When the world’s first automated teller machine was installed in 1969, futurists predicted the end of traditional banking. That didn’t happen.
However, nearly a half-century later, ATMs are going through another change, being used to transact in bitcoin (BTC) and providing an on-ramp for the unbanked, underbanked and curious to buy and sell cryptocurrency.
This is not just a city phenomenon. These particular ATMs are on the increase, showing up across the country and world.
Bitcoin ATMs don’t require their users to have a traditional checking or savings account, so people can insert cash and instantly buy bitcoin.
“What we have found is that, sometimes to our surprise, there really are economically justifiable levels of demand for bitcoin teller machines across the United States,” Arnold Spencer, general counsel at Coinsource, one of the biggest bitcoin ATM operators, tells ThirtyK. “We found that people were traveling great distances to get to those machines, and that we could put them in smaller markets.”
The first bitcoin ATM went into service in November 2013, according to Coin ATM Radar, a website that tracks their use. As of the end of November there were just over 4,000 bitcoin ATMs worldwide, nearly double the number at the beginning of 2018, according to the website. Slightly more than half (about 2,200) of those bitcoin ATMs are in the U.S. Bitcoin ATMs represent 13.5 percent of all venues transacting in the digital currency worldwide, according to research by Larry Cermak, head of analysis at The Block.
Coinsource began its own network of bitcoin ATMs in large cities with considerable foot traffic, including New York and Las Vegas, but is now shifting its focus to the top 200 U.S. cities, according to Spencer. The company announced last week it was expanding its existing network of more than 200 ATMs in 23 states to four more (North Carolina, Virginia, Maryland and Delaware) as well as smaller cities in upstate New York.
“Some markets are starting to show maturation,” Spencer says.
The ecosystem of bitcoin ATM providers also may be maturing. Besides Coinsource, large companies in the space include Genesis Coin, General Bytes, Lamassau and BitAccess, but a significant percentage of bitcoin ATMs are provided by smaller companies, often with networks of a dozen or so machines in a single city.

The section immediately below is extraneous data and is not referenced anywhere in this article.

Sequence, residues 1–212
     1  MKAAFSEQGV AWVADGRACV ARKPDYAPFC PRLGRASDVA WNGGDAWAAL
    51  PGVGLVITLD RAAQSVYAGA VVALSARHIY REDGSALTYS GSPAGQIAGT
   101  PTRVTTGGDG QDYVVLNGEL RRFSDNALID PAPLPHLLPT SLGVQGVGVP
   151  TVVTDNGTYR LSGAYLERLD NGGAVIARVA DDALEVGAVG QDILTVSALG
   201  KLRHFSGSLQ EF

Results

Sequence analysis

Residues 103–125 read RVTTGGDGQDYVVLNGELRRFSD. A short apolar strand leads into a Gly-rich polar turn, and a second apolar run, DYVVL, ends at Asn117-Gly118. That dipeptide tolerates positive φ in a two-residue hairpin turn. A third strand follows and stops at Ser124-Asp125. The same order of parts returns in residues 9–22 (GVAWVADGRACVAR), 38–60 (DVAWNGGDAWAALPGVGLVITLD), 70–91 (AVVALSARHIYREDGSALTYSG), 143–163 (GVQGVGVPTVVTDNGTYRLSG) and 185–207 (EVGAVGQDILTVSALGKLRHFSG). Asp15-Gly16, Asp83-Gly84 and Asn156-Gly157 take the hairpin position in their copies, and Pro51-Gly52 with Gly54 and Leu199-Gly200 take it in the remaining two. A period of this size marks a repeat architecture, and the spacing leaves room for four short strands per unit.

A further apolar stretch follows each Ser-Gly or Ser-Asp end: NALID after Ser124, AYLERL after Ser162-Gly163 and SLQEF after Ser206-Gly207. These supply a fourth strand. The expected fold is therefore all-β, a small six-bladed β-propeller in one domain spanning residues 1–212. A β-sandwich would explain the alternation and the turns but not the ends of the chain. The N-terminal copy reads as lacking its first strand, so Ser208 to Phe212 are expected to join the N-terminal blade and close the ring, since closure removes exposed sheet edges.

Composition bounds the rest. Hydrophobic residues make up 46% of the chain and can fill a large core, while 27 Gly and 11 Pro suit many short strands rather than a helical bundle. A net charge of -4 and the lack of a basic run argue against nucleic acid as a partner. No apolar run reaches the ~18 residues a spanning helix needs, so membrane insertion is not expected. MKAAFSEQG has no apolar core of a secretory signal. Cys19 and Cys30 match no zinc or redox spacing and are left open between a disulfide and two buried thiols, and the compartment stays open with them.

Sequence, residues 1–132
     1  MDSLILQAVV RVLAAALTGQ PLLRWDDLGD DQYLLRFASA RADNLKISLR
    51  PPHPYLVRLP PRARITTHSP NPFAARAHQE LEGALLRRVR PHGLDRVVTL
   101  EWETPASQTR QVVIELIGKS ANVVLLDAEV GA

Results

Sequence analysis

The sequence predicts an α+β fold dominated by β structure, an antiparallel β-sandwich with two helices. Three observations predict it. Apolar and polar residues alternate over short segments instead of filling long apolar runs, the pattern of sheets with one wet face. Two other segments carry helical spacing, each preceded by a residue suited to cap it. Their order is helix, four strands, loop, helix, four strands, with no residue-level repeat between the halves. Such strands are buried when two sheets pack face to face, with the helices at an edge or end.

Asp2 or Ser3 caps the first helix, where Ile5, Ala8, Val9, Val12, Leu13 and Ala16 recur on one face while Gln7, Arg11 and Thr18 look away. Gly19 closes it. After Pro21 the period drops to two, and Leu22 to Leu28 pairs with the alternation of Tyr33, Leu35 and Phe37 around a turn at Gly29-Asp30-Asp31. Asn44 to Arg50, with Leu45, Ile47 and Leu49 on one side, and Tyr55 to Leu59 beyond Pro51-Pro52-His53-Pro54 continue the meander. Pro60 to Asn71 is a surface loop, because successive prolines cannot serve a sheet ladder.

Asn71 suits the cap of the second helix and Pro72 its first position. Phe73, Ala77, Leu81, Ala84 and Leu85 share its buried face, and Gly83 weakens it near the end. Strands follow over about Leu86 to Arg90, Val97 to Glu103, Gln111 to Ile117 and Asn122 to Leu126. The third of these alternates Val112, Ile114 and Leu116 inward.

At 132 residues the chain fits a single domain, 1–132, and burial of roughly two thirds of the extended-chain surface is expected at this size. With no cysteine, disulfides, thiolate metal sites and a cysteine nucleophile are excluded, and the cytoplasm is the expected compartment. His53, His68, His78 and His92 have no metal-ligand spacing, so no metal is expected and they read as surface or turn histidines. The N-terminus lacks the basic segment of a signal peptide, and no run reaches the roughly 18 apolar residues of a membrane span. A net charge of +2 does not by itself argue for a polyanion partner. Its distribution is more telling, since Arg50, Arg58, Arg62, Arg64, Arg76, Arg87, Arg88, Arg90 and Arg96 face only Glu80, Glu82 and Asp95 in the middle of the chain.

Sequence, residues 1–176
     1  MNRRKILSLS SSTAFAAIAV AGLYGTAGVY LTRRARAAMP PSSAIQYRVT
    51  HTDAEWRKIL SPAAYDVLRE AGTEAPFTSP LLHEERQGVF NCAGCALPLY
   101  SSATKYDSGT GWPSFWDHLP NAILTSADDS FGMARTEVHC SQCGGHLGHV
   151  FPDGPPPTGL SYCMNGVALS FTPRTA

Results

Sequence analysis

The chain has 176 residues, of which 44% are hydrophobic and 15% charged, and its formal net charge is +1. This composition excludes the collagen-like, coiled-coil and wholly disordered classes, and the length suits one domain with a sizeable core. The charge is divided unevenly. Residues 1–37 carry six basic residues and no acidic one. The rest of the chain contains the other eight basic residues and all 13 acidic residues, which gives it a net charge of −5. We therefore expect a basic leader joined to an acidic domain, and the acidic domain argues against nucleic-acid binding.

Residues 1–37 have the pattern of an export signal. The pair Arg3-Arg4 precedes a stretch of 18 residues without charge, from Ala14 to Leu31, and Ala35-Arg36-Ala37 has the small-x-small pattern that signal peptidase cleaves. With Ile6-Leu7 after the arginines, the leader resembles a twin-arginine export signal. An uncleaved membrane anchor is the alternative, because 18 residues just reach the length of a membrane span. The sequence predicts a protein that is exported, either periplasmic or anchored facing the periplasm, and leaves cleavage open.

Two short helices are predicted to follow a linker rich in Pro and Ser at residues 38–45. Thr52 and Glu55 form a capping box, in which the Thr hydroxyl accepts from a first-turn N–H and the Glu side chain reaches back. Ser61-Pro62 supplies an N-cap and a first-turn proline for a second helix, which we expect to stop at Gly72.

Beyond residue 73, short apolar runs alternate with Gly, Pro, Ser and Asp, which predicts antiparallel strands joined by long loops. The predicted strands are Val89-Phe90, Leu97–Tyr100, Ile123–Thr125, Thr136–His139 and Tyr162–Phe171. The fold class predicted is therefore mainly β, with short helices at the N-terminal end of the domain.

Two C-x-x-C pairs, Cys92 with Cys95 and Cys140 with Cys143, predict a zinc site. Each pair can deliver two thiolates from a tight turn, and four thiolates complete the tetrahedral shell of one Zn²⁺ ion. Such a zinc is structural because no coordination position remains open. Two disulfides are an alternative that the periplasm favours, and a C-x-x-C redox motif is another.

Spencer predicts that as usage continues to grow, larger companies will have an advantage in terms of servicing far-flung machines and navigating different state and local regulations governing not just cryptocurrencies, but also the use of ATMs more broadly.
“We’re able to go into much smaller communities than a lot of competitors,” Spencer says.
Not Your Parent’s ATM
Bitcoin ATMs operate in different ways from traditional, fiat-focused, ATMs. Anti-money laundering and know your customer regulations (AML/KYC) require users of Coinsource’s ATMs to demonstrate proof of identity with a smartphone app before using the physical machine. However, once that’s done, transactions are instantaneous unlike many cryptocurrency exchanges that place a hold on transactions for new users until their banking details are verified.
During last year’s jump in cryptocurrency prices, “we had a number of people waiting for major exchanges to open their accounts and watched the price of bitcoin double while they waited,” Spencer says. “They went to a [bitcoin ATM] where they could open an account and complete the transactions.”
Because bitcoin ATMs don’t require their users to have a traditional checking or savings account, people can insert cash and instantly buy bitcoin. They can then exchange their bitcoin for other cryptocurrencies, keep it as a store of value or purchase goods online. A small but growing number of Coinsource’s ATMs are now also dispensing cash when customers sell their crypto, according to Spencer.
That’s important for the 8.4 million American families with no traditional bank accounts. Along with these “unbanked” families, another 24 million households are underbanked, meaning they have but rarely use traditional accounts because of high fees, according to a 2017 survey by the Federal Deposit Insurance Corporation.
Many bitcoin ATM users are using the networks to send remittances overseas, avoiding international wire fees, according to Spencer. Small businesses also are using bitcoin ATMs to settle bills from small import firms, particularly in Asia, to “cut the inventory cycle,” Spencer says.
Rules and Regulations
In the U.S., bitcoin ATM operators have to follow the same rules and regulations as other companies transacting in cryptocurrency, including compliance with AML/KYC. State regulators are increasingly beginning to pay attention to whether these machines follow state laws governing ATMs and other money transactions, according to Spencer. “Law enforcement is catching up on the learning curve,” he says. “I think you’ll see that a lot of [providers] not spending the money on compliance and AML are going to exit.”
Last month, Coinsource became the first bitcoin ATM operator to be granted New York state’s full BitLicense, required for companies doing business in virtual currency in the state. But Spencer says the implications go beyond the Empire State’s borders. “It gives us an enormous amount of credibility, and we can fairly go to any other state or country in the world and say … you should be comfortable dealing with us because we’ve already passed this high standard,” he says.